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    thank you Mike. I got interested because we don't have Buddhist communities back home in my city, or rather, there are quite a few communities made up of Hungarians only, they have even set up a small Buddhist College where people can earn a degree in Buddhist philosophy and Japanese / Chinese language. for me, it's just.... weird, I never knew how to relate to this. but a community you described is a different matter altogether, it sounds real.

  6. #6
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    Since there seems to be some interest in the Sima balls, and the community, I thought I should upload a few more pictures.

    The first three show the balls, which have been coverd with gold leaf. You make a donation, get a package with 10 pieces of gold leaf, which you stick on the 9 balls --- one spare in case you mess up. The second picture shows one of our monks making the balls sticky with, I believe, wood stain. With the gold leaf you also get some paper to write your name on and this is attached, as you can see, to the central ball. The final picture shows some of the temporary monks (seated) after ordination.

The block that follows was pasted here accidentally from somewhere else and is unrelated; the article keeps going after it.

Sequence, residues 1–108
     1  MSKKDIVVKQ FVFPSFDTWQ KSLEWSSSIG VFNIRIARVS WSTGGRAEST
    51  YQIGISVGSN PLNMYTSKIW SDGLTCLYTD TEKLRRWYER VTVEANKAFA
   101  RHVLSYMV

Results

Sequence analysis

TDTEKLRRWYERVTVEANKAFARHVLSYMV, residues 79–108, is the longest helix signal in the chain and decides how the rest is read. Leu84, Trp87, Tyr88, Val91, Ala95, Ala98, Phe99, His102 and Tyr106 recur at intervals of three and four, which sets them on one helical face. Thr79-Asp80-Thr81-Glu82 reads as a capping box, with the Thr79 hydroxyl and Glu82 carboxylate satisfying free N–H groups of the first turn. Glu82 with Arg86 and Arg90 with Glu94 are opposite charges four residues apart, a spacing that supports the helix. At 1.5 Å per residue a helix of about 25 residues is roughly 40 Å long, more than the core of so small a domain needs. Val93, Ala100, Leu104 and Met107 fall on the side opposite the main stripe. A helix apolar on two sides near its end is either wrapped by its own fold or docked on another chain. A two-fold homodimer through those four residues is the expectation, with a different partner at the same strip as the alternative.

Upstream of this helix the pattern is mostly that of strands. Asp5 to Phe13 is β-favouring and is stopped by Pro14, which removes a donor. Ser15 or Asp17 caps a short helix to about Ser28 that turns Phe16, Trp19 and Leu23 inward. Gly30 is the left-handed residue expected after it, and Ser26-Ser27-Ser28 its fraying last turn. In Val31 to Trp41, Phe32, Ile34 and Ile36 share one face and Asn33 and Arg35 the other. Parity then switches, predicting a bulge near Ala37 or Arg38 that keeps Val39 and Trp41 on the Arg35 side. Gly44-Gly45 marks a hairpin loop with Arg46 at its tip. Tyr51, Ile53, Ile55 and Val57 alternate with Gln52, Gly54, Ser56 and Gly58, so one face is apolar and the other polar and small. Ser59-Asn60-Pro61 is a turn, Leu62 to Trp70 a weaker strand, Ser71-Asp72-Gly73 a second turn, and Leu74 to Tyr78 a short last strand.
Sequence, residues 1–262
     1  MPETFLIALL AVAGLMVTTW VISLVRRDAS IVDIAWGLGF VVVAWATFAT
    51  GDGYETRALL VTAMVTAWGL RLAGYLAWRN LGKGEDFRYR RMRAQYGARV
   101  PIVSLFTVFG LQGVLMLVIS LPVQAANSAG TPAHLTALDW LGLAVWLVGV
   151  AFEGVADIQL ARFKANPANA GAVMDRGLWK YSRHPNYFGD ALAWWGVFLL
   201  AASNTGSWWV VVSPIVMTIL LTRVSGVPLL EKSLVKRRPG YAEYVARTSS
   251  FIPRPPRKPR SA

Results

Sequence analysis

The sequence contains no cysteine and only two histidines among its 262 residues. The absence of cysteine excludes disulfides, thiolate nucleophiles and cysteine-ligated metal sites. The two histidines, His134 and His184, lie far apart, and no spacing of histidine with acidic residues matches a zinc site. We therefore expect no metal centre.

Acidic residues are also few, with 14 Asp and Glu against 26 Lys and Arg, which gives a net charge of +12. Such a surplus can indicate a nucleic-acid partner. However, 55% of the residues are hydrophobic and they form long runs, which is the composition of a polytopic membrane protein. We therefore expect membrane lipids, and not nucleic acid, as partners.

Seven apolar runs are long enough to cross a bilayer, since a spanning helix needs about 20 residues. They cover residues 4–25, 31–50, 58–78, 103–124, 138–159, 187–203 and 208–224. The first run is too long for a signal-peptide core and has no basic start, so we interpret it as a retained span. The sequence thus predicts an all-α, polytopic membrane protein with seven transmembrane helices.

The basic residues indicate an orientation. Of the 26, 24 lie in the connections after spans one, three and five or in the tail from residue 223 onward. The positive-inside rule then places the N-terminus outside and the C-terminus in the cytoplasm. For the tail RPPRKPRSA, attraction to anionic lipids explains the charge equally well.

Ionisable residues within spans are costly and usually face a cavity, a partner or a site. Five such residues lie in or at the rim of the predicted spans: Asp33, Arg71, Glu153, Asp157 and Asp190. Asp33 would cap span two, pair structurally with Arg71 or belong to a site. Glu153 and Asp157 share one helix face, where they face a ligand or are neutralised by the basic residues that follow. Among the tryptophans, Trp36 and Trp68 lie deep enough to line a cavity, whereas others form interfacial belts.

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    Re: Thai Temple in Christchurch, New Zealand

    [QUOTE=mikenz66;59463]On the weekend of March 25, 2006 the local Thai community here in Christchurch, New Zealand celebrated the consecration (Baddhasima) of their new Meditation Hall (Ubosot).

    Wat Buddha Samakhee has been on a site on the outskirts of the city, in a market-garden area, since 2000, with five resident Thai monks. Until now, a house that already existed on the property was used for ceremonies, but with the completion and consecration of a purpose-built Ubosot it is now able to be fully functional. I believe it is the only fully functional Therevada temple in New Zealand.